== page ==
sshkeygen
defaults to creating RSA keys, but gpg genkey
prefers DSA/ElGamal.
Which one  RSA or DSA  is better for GPG?
Which one  RSA or DSA  is better for GPG? 


The GPG maintainers are thinking of changing the default to RSA (source: Dealing with weakness in SHA1 [LWN.net]). So, it seems they think RSA is currently the better option (and they should know more about it than you or me). 


Quoting a forum discussion:
I think that if you're using it in a standard way (i.e. you don't encrypt a huge amount of data) they'll both do well. I would personally choose RSA because I've learned the algorithm, and it's one of the most beautiful algorithms I've ever seen. 


RSA. There were some weaknesses discovered in SHA1, which is the hash used by DSA. Debian are migrating all their keys from DSA to RSA. 


Also the use of SHA2 algorithms is possible and allowed since current revision of DSS; but I was unable to find out which revision GPG follows. Concerning to the current DSS specification (FIPS1863, p. i) any hash function specified in the SHS (FIPS1803, p. iv) may be used: DSS:
SHS:
To the question: Both algorithms are based on mathematical problems which are not proven to be secure (RSA uses the problem of factorizing numbers and DSA uses the discrete logarithm problem), you cannot say one is more secure than the other, because not the one problem nor the other has ever been solved. But by using DSA with SHA1 you may have a security problem, as already said by pgs.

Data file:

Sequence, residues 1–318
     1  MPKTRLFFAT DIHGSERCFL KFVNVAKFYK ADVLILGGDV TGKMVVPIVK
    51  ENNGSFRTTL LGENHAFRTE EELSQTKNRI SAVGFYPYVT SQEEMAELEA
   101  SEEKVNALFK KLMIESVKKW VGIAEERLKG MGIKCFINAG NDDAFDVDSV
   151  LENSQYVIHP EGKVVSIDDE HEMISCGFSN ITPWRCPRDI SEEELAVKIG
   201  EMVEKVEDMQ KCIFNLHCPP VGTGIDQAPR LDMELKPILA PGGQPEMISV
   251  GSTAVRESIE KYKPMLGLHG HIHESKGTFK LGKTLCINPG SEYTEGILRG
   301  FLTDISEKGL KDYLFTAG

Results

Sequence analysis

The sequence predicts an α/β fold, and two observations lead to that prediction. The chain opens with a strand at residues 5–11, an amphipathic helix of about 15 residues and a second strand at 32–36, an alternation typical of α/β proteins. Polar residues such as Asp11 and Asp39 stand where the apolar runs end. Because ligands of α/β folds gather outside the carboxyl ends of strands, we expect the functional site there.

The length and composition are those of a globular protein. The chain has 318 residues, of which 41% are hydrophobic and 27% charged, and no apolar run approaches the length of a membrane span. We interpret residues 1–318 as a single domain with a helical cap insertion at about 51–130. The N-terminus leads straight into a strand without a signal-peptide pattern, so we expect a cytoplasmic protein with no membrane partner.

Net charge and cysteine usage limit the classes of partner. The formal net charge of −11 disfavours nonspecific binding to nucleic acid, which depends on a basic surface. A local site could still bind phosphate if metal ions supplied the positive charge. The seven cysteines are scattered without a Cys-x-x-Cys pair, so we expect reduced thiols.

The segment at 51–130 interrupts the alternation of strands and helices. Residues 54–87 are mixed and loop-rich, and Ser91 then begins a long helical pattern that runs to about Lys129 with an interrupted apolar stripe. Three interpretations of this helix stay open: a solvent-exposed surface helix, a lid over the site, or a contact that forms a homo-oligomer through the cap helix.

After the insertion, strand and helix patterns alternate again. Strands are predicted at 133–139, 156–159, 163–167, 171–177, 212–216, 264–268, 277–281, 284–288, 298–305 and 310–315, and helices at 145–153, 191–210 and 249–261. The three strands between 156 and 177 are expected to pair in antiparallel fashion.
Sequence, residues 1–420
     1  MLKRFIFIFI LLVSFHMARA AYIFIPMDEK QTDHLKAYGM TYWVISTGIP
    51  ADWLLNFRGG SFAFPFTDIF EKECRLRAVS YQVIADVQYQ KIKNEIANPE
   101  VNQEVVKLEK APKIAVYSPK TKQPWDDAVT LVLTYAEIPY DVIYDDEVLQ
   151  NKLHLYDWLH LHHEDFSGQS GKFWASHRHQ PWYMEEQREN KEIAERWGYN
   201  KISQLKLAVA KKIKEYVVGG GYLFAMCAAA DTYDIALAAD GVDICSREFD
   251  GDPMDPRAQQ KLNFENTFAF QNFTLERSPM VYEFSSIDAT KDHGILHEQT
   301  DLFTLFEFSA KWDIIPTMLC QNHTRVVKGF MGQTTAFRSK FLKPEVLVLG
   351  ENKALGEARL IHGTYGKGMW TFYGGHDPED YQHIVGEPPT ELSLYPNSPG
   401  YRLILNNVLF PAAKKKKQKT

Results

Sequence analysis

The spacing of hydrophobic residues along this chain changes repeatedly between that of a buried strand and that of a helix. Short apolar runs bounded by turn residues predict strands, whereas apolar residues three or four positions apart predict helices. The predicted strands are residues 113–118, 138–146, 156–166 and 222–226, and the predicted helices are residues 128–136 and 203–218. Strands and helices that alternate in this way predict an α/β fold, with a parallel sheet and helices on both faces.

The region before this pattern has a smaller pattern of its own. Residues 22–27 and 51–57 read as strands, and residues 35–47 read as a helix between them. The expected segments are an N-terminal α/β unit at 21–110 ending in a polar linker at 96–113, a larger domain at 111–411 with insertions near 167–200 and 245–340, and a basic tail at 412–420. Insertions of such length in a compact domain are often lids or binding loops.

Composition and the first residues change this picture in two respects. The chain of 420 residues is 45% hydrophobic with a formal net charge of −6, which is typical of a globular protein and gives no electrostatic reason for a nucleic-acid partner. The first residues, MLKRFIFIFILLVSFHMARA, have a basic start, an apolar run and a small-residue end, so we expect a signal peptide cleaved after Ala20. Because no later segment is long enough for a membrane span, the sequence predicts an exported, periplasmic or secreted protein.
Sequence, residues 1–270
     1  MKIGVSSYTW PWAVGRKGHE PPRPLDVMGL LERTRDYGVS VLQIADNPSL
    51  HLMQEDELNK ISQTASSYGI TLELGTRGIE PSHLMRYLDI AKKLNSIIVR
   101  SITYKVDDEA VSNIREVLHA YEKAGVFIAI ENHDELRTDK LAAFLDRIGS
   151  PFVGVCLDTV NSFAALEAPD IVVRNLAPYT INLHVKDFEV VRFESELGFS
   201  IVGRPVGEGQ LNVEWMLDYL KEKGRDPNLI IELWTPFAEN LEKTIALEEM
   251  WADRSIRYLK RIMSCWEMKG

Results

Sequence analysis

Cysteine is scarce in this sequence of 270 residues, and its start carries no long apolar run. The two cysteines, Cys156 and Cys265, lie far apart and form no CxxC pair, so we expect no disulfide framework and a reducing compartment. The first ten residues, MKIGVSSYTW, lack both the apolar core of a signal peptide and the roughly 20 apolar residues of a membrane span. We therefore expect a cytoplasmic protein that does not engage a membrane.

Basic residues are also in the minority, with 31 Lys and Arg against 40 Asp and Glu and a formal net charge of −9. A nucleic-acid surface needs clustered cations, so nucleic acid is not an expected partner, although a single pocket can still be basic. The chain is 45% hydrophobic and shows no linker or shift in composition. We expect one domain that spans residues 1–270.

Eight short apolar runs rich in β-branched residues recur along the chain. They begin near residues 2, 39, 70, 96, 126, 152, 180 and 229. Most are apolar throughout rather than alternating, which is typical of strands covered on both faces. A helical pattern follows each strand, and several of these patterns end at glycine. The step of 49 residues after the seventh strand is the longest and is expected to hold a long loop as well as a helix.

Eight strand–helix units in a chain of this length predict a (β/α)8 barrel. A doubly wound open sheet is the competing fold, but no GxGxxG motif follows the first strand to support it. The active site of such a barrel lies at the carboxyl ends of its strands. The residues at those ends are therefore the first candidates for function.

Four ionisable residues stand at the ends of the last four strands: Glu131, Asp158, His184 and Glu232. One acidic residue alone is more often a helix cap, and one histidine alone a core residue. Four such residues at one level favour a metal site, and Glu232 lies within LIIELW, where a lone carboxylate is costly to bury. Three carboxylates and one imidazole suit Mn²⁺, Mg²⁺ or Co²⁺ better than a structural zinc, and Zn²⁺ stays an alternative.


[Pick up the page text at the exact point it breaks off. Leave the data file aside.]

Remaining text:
RSA and DSA  misconceptions and useful information
In 2003, RSA vs DSA Signatures  The Winner is...  RSA.
Recent IETF Draft: DSA with SHA2 for DNSSEC, Expiring Jan 7, 2010.
But, this is only a draft at the moment. Everyone loves the verification speed of RSA(!). 


The fact is it probably doesn't matter much to you :) As part of preparing to generate a keypair and as part of maintaining existing keypairs  regardless of what asymmetric crypto you choose you should be : 1) checking current recommended key lengths 2) chose a base/modulo to optimize for signing, or verification  depending on what will be doen more often (keys to be used in issuing TLS/SSL server certificates should be optimized for verification since every web browser will check the signature... keys used to be used in signing software should be similarly optimized) 3) make sure you age your keys  been using the same key for sshauth for a few years, might be time to regen even if you chose a key size that is still reasonable for the application today. Both RSA and DSA have been substantially evaluated; if you are using a realiable code base (RSAREF, RSA commercial, Mozilla/Netscape, Microsoft, OpenSSL, ...) then you probably don't care which cryptosystem you use so long as you use it correctly and utilize current best practices